May I have a word
The shifting patterns of English: hammering home a word’s true meaning No one, least of all my family and close friends, would deny that I am somewhat hidebound, stuck up to my nethers in mud. I mean, don’t get me started on the subject of mobile phones and the inability of so many of their owners not to comprehend that they are incapable of walking and using these devices at the same time.
Thus, when I see the word toolkit, it conjures up images of the contents of a red cantilevered box, containing hammers, various screwdrivers, bradawl, spanners (again various), sundry nails, screws and broken electric saw blades (no, I don’t know why either), and assorted oddly shaped pieces of plastic that probably came from a longdiscarded Black & Decker Workmate.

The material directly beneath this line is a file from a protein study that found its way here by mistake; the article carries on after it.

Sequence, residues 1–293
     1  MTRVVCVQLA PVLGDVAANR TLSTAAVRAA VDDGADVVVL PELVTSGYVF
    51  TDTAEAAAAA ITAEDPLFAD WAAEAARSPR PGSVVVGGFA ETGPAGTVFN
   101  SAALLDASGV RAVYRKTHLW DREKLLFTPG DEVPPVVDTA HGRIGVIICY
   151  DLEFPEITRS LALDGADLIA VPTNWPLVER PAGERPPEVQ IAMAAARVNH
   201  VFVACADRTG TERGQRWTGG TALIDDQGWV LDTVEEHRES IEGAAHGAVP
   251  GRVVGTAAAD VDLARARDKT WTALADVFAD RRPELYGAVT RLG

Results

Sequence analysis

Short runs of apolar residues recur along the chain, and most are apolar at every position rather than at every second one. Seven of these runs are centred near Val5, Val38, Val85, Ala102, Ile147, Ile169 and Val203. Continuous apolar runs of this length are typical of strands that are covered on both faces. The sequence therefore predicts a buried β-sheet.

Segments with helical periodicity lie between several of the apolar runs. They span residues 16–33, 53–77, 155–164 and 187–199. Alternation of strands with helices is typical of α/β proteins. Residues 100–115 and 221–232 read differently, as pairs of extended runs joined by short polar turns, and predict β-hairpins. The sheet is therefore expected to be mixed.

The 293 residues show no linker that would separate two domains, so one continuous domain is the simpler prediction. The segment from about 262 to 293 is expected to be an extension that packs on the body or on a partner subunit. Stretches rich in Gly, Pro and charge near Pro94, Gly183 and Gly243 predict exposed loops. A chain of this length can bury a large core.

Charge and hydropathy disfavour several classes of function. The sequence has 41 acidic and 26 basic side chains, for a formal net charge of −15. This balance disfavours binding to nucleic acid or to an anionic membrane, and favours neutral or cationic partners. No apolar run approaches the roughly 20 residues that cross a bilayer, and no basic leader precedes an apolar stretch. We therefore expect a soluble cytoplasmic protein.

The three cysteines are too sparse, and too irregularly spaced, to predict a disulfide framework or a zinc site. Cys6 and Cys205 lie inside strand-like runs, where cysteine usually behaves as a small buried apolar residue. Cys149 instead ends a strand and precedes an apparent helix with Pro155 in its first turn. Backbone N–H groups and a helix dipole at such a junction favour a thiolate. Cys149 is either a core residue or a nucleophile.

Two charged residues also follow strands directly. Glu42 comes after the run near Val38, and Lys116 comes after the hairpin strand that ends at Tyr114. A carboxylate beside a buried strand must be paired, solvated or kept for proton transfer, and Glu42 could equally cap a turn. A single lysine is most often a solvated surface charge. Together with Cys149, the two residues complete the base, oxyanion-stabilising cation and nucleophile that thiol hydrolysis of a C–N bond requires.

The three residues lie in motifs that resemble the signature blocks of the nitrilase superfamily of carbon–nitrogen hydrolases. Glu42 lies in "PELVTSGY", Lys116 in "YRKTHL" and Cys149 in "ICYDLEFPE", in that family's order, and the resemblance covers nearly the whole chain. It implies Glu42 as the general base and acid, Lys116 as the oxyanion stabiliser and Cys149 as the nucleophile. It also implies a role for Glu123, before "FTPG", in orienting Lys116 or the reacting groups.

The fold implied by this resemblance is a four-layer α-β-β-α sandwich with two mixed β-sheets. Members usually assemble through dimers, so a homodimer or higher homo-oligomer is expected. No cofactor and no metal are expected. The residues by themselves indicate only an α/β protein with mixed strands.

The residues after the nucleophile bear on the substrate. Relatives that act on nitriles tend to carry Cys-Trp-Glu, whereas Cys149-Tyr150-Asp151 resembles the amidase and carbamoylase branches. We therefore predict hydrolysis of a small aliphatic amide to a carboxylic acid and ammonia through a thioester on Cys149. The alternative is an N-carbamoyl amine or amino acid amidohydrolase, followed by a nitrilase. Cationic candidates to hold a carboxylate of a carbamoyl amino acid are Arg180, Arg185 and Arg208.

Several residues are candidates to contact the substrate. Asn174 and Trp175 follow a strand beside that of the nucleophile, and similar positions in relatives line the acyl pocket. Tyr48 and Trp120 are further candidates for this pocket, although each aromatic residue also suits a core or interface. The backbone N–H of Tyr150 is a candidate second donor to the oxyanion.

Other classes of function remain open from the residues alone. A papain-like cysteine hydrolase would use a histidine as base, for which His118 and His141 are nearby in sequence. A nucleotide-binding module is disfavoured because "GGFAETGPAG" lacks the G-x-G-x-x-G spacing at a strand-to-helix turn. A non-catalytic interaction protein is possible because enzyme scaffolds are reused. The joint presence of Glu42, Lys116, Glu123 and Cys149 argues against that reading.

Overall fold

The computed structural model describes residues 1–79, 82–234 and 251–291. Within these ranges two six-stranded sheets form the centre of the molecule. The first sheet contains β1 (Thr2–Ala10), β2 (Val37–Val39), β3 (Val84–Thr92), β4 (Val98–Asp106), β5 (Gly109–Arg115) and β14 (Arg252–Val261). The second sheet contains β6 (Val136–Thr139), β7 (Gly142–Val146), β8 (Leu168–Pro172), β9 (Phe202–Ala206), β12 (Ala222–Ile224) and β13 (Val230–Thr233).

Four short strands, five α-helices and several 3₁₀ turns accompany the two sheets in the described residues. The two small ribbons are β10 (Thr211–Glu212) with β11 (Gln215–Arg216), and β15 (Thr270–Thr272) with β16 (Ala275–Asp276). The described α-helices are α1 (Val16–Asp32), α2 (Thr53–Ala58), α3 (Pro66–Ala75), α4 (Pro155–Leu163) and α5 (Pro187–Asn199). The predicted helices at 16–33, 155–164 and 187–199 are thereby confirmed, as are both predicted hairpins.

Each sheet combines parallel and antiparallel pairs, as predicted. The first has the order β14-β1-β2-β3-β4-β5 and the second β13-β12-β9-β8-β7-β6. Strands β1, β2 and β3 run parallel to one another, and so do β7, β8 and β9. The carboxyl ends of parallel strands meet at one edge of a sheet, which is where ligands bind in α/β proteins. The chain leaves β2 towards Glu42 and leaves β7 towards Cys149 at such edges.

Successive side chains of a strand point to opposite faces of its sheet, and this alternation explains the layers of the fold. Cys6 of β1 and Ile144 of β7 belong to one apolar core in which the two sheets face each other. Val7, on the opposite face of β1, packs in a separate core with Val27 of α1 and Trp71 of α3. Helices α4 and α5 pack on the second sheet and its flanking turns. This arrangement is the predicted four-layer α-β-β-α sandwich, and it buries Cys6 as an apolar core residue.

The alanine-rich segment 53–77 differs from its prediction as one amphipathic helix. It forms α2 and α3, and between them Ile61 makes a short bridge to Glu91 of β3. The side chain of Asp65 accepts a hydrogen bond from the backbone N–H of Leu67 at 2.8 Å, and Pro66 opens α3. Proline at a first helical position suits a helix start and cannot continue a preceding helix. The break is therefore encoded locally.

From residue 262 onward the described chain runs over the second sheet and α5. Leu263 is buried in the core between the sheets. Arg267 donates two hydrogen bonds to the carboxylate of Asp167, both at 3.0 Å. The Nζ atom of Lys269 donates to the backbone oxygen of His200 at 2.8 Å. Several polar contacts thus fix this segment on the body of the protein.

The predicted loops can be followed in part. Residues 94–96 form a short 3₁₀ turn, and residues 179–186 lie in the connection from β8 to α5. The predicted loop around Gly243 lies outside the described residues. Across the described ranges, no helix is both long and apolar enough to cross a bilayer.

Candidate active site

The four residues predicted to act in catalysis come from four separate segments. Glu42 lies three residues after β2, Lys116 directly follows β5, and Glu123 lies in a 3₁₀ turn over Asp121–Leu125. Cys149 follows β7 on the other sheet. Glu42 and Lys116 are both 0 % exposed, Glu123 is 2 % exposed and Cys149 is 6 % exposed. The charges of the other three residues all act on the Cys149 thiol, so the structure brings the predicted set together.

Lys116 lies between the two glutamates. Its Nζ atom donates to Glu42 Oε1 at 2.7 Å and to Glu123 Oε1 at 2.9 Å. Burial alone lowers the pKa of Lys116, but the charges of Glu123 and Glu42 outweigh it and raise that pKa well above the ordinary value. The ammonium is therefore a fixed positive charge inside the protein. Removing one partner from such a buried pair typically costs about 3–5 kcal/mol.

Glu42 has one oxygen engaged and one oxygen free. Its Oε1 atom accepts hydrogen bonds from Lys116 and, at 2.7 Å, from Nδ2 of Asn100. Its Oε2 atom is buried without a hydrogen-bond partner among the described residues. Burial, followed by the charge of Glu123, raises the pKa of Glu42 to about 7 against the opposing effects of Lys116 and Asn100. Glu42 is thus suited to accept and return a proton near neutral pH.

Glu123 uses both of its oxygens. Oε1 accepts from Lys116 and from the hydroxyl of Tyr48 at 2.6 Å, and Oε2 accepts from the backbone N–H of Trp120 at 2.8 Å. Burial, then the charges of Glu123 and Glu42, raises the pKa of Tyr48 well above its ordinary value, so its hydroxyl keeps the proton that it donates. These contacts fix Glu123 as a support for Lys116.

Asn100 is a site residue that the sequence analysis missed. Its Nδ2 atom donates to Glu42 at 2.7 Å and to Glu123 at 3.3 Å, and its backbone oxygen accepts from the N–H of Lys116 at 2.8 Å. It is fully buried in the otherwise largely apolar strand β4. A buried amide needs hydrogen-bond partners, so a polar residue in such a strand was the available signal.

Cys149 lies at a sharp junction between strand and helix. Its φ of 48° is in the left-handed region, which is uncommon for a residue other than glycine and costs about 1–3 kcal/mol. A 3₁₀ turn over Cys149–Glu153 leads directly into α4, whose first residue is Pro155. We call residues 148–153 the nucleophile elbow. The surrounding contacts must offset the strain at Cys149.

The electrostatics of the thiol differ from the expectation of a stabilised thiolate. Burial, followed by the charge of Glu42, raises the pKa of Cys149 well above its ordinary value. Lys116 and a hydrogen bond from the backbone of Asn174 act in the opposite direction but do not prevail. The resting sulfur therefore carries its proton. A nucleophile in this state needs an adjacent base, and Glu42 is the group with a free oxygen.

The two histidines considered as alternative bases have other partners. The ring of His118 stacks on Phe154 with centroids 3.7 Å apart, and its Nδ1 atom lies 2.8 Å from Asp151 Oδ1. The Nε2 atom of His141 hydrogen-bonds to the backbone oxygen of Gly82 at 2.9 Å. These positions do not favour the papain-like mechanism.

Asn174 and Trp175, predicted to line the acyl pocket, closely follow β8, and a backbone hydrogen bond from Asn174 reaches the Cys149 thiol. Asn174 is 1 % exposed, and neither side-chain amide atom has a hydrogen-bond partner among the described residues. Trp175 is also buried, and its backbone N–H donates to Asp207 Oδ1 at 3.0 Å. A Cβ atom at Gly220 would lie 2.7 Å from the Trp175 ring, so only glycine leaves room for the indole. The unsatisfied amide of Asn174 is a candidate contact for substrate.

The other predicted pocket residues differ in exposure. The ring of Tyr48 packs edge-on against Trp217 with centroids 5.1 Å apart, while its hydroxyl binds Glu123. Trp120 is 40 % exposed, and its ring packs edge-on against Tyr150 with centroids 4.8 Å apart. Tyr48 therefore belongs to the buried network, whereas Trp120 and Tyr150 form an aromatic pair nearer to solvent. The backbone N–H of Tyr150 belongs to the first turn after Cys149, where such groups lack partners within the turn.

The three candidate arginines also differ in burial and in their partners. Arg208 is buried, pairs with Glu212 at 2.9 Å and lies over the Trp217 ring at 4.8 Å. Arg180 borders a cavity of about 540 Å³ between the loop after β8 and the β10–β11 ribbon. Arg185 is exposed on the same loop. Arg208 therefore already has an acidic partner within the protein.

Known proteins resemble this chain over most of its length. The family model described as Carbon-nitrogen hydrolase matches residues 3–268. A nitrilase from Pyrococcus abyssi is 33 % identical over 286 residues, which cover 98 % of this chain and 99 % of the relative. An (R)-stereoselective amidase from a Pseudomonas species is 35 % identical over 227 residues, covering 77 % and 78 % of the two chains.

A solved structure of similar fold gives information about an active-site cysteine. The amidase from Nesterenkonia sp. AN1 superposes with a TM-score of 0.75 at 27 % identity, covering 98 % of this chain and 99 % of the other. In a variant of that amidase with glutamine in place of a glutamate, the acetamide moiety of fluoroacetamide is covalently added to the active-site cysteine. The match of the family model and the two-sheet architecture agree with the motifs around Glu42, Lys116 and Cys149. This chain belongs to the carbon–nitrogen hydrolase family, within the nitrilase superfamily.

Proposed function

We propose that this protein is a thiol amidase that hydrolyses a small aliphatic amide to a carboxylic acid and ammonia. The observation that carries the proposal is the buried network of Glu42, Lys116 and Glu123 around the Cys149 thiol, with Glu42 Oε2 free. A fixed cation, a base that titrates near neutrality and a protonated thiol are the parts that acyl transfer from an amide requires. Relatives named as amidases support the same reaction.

Alas, no longer. A recent report, on parents who won’t let their sons wear a skirt to school possibly being referred to social services, talked of “Brighton and Hove city council’s ‘trans inclusion schools toolkit’”.
Now, without wishing to get involved in the tangled issue of gender identity, I would just like to stick my crusty old arm over the parapet and stand up for toolkit’s proper meaning. Brighton and Hove council could just as easily have used the word advice and it would have had exactly the same meaning.
But the council is not alone. Consider the following:
• Building a direct work toolkit.
• Cerner Launching EHRIntegrated Opioid Toolkit for Safe Prescribing.
• Creating a Toolkit for Wellbeing: Part 1.
• Real Estate Balance introduces diversity “toolkit”.
OK, I’m old enough and wise enough to know when I’ve lost a battle. I shall retreat gracefully and look for my spirit level.
A toolkit in happier times.